differentiability \(\Rightarrow\) continuity

Also according to Definition 1, if a function is differentiable, its first partial derivatives exist. Therefore, if the first partial derivatives of a function do not exist at a point, the function is not differentiable at that point.

differentiability \(\Rightarrow\) existence of first partial derivatives

Example 2

Show that \(f(x,y)\) is not differentiable at \((0,0)\) if \[f(x,y)=\left\{\begin{array}{ll} \frac{xy}{x^2+y^2} & \text{if } (x,y)\neq (0,0)\\ 0 & \text{if } (x,y)= (0,0) \end{array} \right.\]

Solution

In Example 22, we showed \(\lim_{(x,y)\to (0,0)}f(x,y)\) does not exist. Therefore, \(f\) is discontinuous at \((0,0)\). A discontinuous function cannot be differentiable.

Also in Example 39, we showed that \(f_x(0,0)=f_y(0,0)=0\) and the linearization of \(f\) does not provide a good approximation for \(f\) at \((0,0)\). So the existence of the partial derivatives does not guarantee that the function is differentiable or even continuous.

Using Definition 1 to verify whether a function is differentiable is often hard. Here we introduce a theorem that can be applied to most functions to show that they are differentiable.

Theorem 1. If the first partial derivatives of a function \(f\) exist in some neighborhood of \(\mathbf{x}_0\) and are continuous at \(\mathbf{x}_0\), then \(f\) is differentiable at \(\mathbf{x}_0\).

A function that has continuous first partial derivatives is called continuously differentiable or a function of class \(C^1\). A function that not only its first partial derivatives are continuous but also all its second partial derivatives are continuous is called twice continuously differentiable or a function of class \(C^2\). In the same manner we can define function of class \(C^3\), \(C^4\), and so on. A function that has continuous partial derivatives of all orders is called a \(C^\infty\) function. A function that is continuous is referred to a function of class \(C^0\).

Example 3

Use Theorem 1 to show that \(f\) is differentiable everywhere if \[f(x,y)=\left\{\begin{array}{ll} \frac{x^2y^2}{x^2+y^2} & \text{if } (x,y)\neq (0,0)\\ 0 & \text{if }(x,y)= (0,0) \end{array} \right.\]

Solution

To find \(f_x\) and \(f_y\), we have to consider two cases: (1) \((x,y)=(0,0)\) and (2) \((x,y)\neq (0,0)\).

Case (1): To calculate \(f_x(0,0)\) and \(f_y(0,0)\), we need to use the definition of partial derivatives (similar to Example 39):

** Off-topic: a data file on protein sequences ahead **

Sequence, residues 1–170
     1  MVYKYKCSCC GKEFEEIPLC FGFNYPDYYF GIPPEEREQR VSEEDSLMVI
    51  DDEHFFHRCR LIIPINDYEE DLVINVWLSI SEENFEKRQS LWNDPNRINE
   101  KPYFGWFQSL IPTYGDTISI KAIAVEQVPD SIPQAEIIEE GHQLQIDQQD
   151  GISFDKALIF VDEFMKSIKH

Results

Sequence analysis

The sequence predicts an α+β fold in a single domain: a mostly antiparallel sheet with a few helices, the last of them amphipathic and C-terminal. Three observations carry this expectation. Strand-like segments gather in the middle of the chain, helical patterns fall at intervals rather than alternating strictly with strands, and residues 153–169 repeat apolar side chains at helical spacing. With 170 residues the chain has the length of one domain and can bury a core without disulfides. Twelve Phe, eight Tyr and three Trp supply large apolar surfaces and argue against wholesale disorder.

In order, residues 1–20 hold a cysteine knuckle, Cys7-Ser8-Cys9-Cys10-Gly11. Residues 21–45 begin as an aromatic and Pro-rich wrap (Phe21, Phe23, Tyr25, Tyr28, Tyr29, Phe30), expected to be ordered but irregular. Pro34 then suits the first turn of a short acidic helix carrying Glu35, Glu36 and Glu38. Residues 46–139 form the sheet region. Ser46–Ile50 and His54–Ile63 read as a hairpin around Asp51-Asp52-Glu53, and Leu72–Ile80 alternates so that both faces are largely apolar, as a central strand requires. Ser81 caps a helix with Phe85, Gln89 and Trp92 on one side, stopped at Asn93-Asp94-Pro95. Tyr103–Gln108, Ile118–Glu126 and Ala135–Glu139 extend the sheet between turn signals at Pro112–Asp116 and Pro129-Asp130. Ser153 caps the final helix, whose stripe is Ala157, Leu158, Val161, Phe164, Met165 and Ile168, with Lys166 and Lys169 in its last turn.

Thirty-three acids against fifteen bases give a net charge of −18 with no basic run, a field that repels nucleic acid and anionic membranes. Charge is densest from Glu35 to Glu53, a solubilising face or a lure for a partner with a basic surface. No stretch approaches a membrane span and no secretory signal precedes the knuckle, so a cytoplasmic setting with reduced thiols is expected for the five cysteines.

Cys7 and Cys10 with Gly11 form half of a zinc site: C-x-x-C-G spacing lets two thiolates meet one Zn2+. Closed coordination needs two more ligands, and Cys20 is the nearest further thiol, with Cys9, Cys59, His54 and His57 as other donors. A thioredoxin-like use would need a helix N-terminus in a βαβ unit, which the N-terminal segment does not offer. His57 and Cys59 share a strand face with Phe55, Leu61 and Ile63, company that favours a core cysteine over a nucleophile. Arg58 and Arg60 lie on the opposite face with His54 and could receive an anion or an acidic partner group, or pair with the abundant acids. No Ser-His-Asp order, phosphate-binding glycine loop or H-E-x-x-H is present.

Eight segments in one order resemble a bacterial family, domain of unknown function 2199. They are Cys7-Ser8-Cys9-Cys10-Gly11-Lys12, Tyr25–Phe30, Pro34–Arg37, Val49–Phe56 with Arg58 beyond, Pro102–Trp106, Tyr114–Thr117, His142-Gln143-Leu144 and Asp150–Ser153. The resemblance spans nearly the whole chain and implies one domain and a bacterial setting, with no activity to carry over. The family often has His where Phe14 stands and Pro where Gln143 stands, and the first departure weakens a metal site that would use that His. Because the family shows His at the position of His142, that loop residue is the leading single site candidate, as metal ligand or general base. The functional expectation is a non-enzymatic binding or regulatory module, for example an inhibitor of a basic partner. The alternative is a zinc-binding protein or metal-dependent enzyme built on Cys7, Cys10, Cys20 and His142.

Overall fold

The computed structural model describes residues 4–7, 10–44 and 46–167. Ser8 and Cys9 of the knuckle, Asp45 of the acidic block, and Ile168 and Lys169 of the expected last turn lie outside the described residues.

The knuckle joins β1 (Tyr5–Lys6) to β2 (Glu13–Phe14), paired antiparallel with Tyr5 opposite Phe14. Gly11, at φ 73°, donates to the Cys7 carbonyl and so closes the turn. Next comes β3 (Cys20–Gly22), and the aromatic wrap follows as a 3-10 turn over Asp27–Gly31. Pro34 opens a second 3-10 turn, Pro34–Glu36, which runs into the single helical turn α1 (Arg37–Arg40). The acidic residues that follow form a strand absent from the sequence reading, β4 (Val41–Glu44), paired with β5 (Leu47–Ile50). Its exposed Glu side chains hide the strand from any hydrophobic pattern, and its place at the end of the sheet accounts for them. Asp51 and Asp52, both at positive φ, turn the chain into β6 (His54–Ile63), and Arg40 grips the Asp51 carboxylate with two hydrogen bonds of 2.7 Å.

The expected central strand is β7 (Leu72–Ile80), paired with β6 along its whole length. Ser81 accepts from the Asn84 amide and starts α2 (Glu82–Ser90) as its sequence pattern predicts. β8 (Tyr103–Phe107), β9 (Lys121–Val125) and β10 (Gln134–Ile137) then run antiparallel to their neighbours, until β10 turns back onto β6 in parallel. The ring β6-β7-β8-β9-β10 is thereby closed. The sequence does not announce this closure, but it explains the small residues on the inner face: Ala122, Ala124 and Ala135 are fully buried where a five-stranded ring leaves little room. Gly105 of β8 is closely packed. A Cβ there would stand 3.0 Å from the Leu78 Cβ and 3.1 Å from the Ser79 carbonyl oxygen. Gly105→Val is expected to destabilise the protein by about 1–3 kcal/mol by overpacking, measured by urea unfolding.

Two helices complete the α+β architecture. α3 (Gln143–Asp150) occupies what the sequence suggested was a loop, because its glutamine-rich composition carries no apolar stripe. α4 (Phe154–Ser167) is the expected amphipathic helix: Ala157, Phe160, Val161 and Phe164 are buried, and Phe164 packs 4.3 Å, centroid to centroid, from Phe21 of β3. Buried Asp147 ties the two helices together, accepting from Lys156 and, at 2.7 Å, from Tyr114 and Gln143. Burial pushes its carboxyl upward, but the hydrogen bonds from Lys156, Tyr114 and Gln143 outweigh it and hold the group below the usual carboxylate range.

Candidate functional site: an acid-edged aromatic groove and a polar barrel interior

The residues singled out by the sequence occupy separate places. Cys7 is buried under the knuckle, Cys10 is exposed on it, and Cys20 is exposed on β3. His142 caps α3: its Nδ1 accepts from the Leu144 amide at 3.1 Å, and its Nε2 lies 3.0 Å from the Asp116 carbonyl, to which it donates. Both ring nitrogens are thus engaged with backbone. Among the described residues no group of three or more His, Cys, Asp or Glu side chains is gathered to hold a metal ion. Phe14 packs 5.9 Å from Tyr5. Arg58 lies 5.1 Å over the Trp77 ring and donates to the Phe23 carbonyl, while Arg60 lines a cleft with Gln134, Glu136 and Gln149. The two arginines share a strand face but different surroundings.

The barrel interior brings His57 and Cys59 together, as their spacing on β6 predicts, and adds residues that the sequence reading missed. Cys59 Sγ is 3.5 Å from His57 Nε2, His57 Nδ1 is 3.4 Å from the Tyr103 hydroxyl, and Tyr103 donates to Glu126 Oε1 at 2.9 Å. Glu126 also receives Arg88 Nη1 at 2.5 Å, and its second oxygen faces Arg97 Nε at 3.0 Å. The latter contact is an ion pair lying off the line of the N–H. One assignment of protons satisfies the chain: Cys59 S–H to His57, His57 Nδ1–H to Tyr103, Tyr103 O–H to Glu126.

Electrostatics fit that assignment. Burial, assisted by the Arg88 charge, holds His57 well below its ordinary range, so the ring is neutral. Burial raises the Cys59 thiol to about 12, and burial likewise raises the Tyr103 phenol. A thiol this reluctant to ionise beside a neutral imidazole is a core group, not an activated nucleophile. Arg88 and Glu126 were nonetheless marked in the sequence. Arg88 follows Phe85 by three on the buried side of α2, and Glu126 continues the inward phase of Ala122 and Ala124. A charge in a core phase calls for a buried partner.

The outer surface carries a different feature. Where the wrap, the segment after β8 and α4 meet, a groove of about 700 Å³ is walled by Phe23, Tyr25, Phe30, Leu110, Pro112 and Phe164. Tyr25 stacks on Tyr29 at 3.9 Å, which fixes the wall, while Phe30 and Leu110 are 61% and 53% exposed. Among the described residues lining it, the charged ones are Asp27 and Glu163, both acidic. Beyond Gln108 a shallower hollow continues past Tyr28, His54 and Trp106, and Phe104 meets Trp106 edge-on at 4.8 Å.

\[f_x(0,0)=\lim_{h\to 0}\frac{f(0+h,0)-f(0,0)}{h}=\lim_{h\to 0}\frac{0-0}{h}=0,\]
\[f_y(0,0)=\lim_{k\to 0}\frac{f(0,0+k)-f(0,0)}{k}=\lim_{k\to 0}\frac{0-0}{k}=0,\]

Case (2): If \((x,y)\neq(0,0)\), we can differentiate \(f\) with respect to \(x\) while treating \(y\) as a constant to find \(f_x(x,y)\) and differentiate \(f(x,y)\) with respect to \(y\), while treating \(x\) as a constant to find \(f_y(x,y)\) (although because of symmetry of \(x\) and \(y\), to find \(f_y(x,y)\), we just need to replace \(x\) by \(y\) and \(y\) by \(x\) in the formula of \(f_x(x,y)\)). We have
\[\begin{aligned} f_x(x,y)&=\frac{2xy^2(x^2+y^2)-2x(x^2y^2)}{(x^2+y^2)^2}=\frac{2xy^4}{(x^2+y^2)^2},\\ f_y(x,y)&=\frac{2yx^4}{(x^2+y^2)^2}.\end{aligned}\]
Therefore:
\[f_x(x,y)=\left\{\begin{array}{ll} \frac{2xy^4}{(x^2+y^2)^2} & \text{if }(x,y)\neq (0,0)\\ 0 & \text{if }(x,y)= (0,0) \end{array} \right.\]
and
\[f_y(x,y)=\left\{\begin{array}{ll} \frac{2x^4y}{(x^2+y^2)^2} & \text{if }(x,y)\neq (0,0)\\ 0 & \text{if }(x,y)= (0,0) \end{array} \right.\]
It is clear that when \((x,y)\neq (0,0)\), \(f_x(x,y)\) and \(f_y(x,y)\) are continuous, because the numerators and denominators are continuous functions and the the ratio of two continuous functions is a continuous function if the denominator is nonzero (recall Theorem 3.5.3). We just need to show that \(f_x\) and \(f_y\) are continuous at \((0,0)\). To this end, again we can use polar coordinates:
\[x=r\cos \theta,\quad y=r\sin\theta.\]
In polar coordinates \((x,y)\to(0,0)\) is equivalent to \(r\to 0\):
\[\lim_{(x,y)\to(0,0)}\frac{2xy^4}{(x^2+y^2)^2}=\lim_{r\to 0}\frac{2r^5 \cos\theta\sin^4\theta}{r^4\underbrace{(\cos^2\theta+\sin^2\theta)^2}_{=1}}=\lim_{r\to 0} 2r\cos\theta\sin^4\theta=0.\]

Figure 1.\(\frac{x^2y^2}{x^2+y^2}\)

 

So we have shown \(\lim_{(x,y)\to(0,0)}f_x(x,y)=f_x(0,0)=0\), that is \(f_x\) is continuous at \((0,0)\). In a similar way, you can show that \(\lim_{(x,y)\to(0,0)}f_y(x,y)=f_y(0,0)=0\). Therefore \(f\) has continuous first partial derivatives at each \((x,y)\). So according to Theorem 1, \(f\) is differentiable everywhere.

At the end of this section, we can extend the concept of differentiability of functions of several variables:

Definition 2. We say a function \(f:U\subseteq \mathbb{R}^n\to \mathbb{R}\) is differentiable at \((x_1,\cdots,x_n)\), if its first partial derivatives \(\frac{\partial f}{\partial x_i}(x_1,\cdots,x_n)\) (for \(i=1,\cdots,n\)) exist and there exists a function \(\varepsilon(h_1,\cdots,h_n)\) such that:
\[f(x_1+h_1,\cdots,x_n+h_n)=\]

\[f(x_1,\cdots,x_n)+\frac{\partial f}{\partial x_1}. h_1+\cdots+\frac{\partial f}{\partial x_n}.h_n+\sqrt{h_1^2+\cdots+h_n^2}\varepsilon(h_1,\cdots,h_n)\]
and
\[\lim_{(h_1,\cdots,h_n)\to(0,\cdots,0)} \varepsilon(h_1,\cdots,h_n)=0.\]
The partial derivatives are evaluated at \((x_1,\cdots,x_n)\).


[1] Mathematically, this is often written as \(error=o(|h|)\)